Appreciate a Dragon Day

...or how I learned to stop caring and love the Dragons some more.

Appreciate a Dragon Day
Image courtesy of IGDB. Copyrighted material by Sega, RGG Studio.

Life has caught up to me in a way. I’m still working on my big January piece. I went to Argentina on vacation. Then I came right back to the swing of things: work, studying for a certification, obligations, responsibility, general maintenance... It has left little time for gaming, let alone writing.

I bought a fun little 2024 calendar from my friends. I enjoy marking down important dates, game releases, and general mundane ephemera. January 16th reads “Appreciate a Dragon Day." Like a Dragon: Infinite Wealth, the latest release in my beloved Yakuza series, comes out on January 26th. It will be ten days until I can appreciate the real dragons again: Ichiban Kasuga and Kazuma Kiryu.

So, as a little amuse-bouche before the main course, I present to you the answer to the simple question: “Which Yakuza game should I start with if I want to play Infinite Wealth?

Normally, I would simply smack the inquirer with an oversized cartoon mallet and state, “From the beginning!”. But when it comes to this series with such longevity and abundance, boasting 23 titles, I don’t think it’s that simple. The mainline entries alone require you to arduously marathon eight games. Should one start at the chronological beginning with 0? Or try the very dated and poorly aged PS2 Yakuza game, with an English dub so bad it’s become a meme in itself? Or perhaps its remake, Kiwami, revamped with the modern combat the Dragon Engine brought us?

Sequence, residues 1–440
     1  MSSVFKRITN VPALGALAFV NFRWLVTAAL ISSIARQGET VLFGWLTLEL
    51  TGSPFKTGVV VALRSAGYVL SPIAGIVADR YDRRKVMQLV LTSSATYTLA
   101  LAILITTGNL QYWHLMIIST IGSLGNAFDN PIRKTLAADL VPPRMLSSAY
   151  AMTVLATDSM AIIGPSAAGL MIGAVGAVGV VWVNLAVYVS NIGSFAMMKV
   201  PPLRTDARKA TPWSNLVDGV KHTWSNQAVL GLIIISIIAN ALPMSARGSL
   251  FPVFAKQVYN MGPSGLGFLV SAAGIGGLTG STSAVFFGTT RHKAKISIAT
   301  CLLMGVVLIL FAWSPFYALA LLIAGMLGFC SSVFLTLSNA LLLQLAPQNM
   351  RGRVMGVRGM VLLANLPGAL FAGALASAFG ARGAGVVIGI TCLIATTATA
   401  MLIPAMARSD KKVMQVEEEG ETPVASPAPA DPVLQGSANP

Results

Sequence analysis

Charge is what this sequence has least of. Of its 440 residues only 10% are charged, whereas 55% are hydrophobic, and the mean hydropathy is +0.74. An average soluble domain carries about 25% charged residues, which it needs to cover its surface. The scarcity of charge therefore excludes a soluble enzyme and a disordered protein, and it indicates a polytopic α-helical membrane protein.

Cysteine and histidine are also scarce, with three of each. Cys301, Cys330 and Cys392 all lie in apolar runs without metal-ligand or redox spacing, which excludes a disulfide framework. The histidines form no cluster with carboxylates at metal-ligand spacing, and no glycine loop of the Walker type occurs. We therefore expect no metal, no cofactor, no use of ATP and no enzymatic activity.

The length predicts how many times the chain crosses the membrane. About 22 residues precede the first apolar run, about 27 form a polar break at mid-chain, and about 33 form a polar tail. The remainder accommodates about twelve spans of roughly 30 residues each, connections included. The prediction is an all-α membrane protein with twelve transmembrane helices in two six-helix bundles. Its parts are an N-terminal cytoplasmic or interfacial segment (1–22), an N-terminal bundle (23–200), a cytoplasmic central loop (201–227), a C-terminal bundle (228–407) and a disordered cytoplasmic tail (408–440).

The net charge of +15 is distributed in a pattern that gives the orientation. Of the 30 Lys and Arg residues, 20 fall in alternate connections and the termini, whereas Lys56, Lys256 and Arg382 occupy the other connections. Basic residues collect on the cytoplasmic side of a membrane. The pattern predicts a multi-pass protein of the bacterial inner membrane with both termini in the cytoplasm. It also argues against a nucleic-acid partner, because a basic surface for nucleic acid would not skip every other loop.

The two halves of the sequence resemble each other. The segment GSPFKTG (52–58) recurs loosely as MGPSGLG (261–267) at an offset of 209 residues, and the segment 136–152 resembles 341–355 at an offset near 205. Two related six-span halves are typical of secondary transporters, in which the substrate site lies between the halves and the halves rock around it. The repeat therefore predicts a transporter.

At the end of the day, you can start with whatever you damn like—each Yakuza game has its own self-contained story. The problem is the constant references to events in games past, which, while not significant to the overarching plot, make certain story moments lose weight or impact. A series fan can recognize Yuya in 6 and be surprised that the former host has sparkled himself clean and is now working a normal office job, but a newcomer will just be scratching their head and thinking, “Who is this guy?”.

I would instead retort with another question: “What do you prefer: third-person combo-brawling or turn-based combat?”. The answer to that question dictates whether I lead you to Yakuza 0 or Yakuza: Like a Dragon. For better or worse, these are the real standouts of the series. These are the ones I love the most (but don’t tell the others).
Image courtesy of IGDB. Copyrighted material by Sega, RGG Studio.

Yakuza 0 is a great starting point because it’s the earliest in the timeline, set in the late 80s, but was the sixth installment release-wise. The series had at that point solidified its identity as a melodramatic, bicycle-smashing, high-octane-packing crime drama, but the writing matured as the series dragged on. As a result, 0 packs one of the best, most grounded stories of the Like a Dragon games. A story about the coming of age of two young men who have chosen the criminal life—how they clash against the superficial affluence and economic amorality of their surroundings. It had the advantage of having to set up a story devoid of overt references to its other entries. This is when Yakuza went balls out, and 0 remains, to this day, the most action-packed game in the series.